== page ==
Party In The Paddock. Ricky Ponting. Cascade beers. The humble Apple Isle has gifted us …
An album is in many ways a monument to the times in which it was created, and this is the case with Gothenburg melodic death metal pioneers At The Gates’ latest album To Drink From The Night Itself.
Their 2014 release At War With Reality marked a post-nineteen-year comeback and the final recording with founding guitarist Anders Björler, who left At The Gates in 2017 after writing for To Drink From The Night Itself was complete but prior to recording. This album reflects a band in transition, and necessarily so, as new guitarist Jonas Stålhammar makes his debut recording songs written with the former guitarist.
Overall, To Drink From The Night Itself is a more brooding album than the more recent At The Gates releases
Although a ‘transitional’ album, there’s little that is entirely new. Rather, To Drink From The Night Itself reconfigures aspects of the At The Gates sound seemingly in a search for the way ahead. There is plenty of the familiar to keep it grounded, such as the title track with its down-tuned-up-tempo energy and memorable melody line. Some of the strongest tracks on the album recall the darker edge of At The Gates, such as the chillingly profound track Daggers of Black Haze. The most exciting moment, when all the strengths of At The Gates come together, is on Labyrinth of Tombs, which showcases the potential of what Stålhammar can bring to the guitar sound.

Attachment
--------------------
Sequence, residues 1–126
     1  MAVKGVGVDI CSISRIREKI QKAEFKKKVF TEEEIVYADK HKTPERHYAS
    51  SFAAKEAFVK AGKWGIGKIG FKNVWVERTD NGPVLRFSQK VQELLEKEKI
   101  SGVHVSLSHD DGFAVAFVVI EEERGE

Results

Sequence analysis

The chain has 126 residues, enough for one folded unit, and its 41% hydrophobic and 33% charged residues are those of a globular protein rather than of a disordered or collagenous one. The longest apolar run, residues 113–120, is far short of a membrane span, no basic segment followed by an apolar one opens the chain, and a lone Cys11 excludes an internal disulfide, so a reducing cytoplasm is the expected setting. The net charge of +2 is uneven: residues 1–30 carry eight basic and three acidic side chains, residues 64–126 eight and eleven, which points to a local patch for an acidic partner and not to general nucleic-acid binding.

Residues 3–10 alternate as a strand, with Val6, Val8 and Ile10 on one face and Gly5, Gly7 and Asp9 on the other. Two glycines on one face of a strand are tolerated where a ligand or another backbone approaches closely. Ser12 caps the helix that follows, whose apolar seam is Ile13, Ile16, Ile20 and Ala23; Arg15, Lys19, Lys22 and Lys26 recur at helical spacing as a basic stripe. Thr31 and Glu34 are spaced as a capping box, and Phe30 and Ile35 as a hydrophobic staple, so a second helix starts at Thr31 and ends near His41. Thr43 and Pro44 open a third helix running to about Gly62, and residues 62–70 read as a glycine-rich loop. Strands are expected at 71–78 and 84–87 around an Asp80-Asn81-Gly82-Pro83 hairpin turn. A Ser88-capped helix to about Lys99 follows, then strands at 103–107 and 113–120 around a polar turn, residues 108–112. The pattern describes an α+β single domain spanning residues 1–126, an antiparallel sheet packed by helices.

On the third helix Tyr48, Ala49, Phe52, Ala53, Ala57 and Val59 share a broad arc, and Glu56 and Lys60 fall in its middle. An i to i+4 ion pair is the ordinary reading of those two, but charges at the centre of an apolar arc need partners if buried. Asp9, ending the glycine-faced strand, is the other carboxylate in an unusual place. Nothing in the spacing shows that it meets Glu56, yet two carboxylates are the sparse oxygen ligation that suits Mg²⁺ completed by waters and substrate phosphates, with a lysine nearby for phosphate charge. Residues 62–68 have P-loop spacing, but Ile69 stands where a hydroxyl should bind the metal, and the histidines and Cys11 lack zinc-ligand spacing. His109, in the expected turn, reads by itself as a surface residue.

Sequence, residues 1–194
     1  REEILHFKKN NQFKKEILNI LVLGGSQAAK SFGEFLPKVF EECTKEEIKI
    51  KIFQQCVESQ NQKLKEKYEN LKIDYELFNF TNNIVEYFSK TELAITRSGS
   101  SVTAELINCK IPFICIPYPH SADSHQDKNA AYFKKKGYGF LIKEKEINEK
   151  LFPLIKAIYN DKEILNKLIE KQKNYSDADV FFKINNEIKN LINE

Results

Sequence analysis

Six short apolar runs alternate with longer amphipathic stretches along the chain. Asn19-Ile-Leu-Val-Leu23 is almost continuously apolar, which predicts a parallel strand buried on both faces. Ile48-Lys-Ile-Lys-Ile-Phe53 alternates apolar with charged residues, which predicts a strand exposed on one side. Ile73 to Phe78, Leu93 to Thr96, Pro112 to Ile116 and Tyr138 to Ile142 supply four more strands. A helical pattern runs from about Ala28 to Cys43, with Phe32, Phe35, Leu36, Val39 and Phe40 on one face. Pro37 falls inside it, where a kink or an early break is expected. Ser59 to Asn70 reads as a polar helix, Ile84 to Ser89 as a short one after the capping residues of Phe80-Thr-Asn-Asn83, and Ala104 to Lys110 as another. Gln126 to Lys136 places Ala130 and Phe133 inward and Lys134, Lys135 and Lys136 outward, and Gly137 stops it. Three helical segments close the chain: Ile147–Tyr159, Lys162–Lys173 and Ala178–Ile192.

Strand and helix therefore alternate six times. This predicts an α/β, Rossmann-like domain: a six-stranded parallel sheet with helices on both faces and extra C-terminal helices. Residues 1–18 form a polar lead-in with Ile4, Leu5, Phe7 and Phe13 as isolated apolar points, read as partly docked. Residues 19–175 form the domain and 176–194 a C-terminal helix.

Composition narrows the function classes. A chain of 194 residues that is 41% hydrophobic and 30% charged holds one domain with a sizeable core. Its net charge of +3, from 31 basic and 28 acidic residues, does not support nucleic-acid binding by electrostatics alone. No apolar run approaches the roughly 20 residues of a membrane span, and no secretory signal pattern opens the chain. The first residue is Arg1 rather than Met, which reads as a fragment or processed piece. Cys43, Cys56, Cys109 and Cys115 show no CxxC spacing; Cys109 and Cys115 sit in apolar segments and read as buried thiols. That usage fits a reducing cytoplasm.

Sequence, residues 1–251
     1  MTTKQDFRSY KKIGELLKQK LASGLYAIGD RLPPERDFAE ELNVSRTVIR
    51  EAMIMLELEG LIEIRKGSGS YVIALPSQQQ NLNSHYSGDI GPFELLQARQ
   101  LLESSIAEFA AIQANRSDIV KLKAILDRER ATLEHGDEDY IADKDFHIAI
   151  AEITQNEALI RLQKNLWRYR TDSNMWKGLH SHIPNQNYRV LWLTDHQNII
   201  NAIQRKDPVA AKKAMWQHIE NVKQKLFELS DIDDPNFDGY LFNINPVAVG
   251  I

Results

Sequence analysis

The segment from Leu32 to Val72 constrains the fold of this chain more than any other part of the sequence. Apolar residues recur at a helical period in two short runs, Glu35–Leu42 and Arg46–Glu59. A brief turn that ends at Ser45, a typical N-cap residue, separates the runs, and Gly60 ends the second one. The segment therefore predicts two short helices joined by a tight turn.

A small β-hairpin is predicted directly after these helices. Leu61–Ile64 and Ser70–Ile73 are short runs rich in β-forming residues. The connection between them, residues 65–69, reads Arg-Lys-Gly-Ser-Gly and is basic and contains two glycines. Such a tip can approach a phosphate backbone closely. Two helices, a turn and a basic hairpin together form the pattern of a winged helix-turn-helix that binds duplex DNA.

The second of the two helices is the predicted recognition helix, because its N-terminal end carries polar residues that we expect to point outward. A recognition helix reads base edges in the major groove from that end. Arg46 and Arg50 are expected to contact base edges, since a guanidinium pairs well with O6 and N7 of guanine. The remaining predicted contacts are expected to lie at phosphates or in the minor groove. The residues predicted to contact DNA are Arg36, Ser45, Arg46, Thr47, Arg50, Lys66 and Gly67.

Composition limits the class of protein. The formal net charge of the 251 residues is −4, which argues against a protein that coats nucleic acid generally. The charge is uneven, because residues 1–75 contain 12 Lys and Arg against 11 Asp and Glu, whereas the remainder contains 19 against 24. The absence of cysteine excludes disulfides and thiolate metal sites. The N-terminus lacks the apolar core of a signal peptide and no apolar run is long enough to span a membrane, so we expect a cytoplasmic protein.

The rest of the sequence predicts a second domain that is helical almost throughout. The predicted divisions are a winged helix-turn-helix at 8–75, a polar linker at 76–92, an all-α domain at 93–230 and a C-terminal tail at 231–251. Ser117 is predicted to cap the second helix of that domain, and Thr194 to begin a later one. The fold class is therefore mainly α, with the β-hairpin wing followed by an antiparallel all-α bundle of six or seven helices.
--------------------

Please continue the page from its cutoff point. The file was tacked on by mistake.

Overall, To Drink From The Night Itself is a more brooding album than the more recent At The Gates releases, and a solid stepping-stone towards consolidating the early influence of At The Gates into a forward-moving modern melodic death metal sound.
To Drink From The Night Itself is out now via Century Media
STANDOUT TRACKS: Labyrinth of Tombs, Daggers of Black Haze, To Drink From The Night Itself
STICK THIS NEXT TO: Dark Tranquillity, Carcass, The Haunted.